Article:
The Kennedy Center

Jacqueline Kennedy Onassis School at American Ballet Th


American Ballet Theatre, America’s National Ballet Company™, is recognized as one of the great dance companies in the world. Few ballet companies equal ABT for its combination of size, scope, and outreach. Recognized as a living national treasure since its founding in 1940, ABT annually tours the U.S., performing for more than 400,000 people, and is the only major cultural institution to do so. It has also made more than 15 international tours to 42 countries as perhaps the most representative American ballet company and has been sponsored by the U.S. Department of State on many of these engagements. The history of ABT’s training programs dates back almost 60 years. ABT’s original school was attached to the Metropolitan Opera Ballet School in 1950. The School was directed by one of ABT’s founding choreographers, Antony Tudor, in association with Margaret Craske, in hopes that ABT would develop a relationship with the Metropolitan Opera House similar to that enjoyed by European ballet companies. The relationship was short lived and that formula was never to be realized.In 1951, the official Ballet Theatre School was opened at 152 West 56th Street with the equally prestigious ABT founding choreographer Branislava Nijinska named as director. The following year, Lucia Chase assumed the Directorship, followed by Leon Danielian (Ballet Russe de Monte Carlo), and Patricia Wilde (New York City Ballet). Original faculty included Ludmila Schollar, James Welch, Alexandra Danilova, as well as Ballet Theatre stars including Alicia Alonso and Agnes DeMille.  In 1981, the School was discontinued but later briefly revived as an elite training program at 890 Broadway for a select group of dancers by then Artistic Director Mikhail Baryshnikov.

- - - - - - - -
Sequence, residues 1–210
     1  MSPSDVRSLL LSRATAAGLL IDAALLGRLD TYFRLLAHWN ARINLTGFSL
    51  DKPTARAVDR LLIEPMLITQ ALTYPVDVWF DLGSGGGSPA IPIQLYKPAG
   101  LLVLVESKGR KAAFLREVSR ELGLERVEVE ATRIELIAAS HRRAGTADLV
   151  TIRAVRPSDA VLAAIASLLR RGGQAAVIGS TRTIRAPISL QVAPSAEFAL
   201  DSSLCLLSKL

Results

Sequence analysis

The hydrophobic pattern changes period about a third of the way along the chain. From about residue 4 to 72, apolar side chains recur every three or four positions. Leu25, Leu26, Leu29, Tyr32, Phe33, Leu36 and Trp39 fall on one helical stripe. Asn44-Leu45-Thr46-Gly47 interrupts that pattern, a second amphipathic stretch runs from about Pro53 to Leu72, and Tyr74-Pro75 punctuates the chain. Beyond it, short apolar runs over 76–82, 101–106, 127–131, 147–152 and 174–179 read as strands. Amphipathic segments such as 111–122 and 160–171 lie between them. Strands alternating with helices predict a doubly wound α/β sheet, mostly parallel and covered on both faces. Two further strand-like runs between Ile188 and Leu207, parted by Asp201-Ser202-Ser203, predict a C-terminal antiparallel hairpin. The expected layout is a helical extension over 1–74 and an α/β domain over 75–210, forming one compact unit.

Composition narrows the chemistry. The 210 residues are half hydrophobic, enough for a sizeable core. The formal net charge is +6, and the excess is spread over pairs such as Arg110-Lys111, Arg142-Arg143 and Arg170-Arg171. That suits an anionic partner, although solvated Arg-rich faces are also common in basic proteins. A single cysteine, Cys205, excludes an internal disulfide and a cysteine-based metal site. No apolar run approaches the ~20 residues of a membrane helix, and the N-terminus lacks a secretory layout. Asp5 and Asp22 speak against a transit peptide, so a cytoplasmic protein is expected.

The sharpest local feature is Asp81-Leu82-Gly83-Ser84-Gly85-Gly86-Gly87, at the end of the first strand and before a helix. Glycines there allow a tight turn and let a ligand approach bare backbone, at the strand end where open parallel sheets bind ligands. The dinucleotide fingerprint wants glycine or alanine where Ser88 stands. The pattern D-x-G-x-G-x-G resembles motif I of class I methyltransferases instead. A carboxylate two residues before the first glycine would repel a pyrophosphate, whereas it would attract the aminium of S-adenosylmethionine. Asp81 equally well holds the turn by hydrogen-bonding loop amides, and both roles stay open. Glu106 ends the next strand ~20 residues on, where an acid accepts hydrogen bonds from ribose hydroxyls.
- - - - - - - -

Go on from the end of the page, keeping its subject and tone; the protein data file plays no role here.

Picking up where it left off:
In January of 2004, Artistic Director Kevin McKenzie and Studio Company Artistic Director John Meehan revived the school, calling it the “Studio Company Associate Program.” At its inception, the program consisted of ten dancers, ranging in age from 15 to 19.  The School was eventually renamed in honor of Jacqueline Kennedy Onassis, who was the Honorary Chairman of ABT for more than 25 years. In the fall of 2005, Franco De Vita joined the newly named Jacqueline Kennedy Onassis (JKO) School as Principal. Under his direction, the Pre-Professional Division has grown to include over 70 gifted students, ranging in age from 10 to 18, from all over the world.
The faculty of the JKO School is made up of ABT alumni as well as current ABT artists. In addition, the JKO School follows the ABT National Training Curriculum, co-authored by Franco De Vita and Raymond Lukens, Artistic Associate for the ABT/ NYU Masters program and JKO School faculty member. Alumni of the JKO School have gone on to join many prestigious ballet companies including American Ballet Theatre, ABT II, BalletMet Columbus, Alberta Ballet, Pennsylvania Ballet, Houston Ballet, Cincinnati Ballet, Richmond Ballet, The Juilliard School, and more.
Jacqueline Kennedy Onassis School at American Ballet Theatre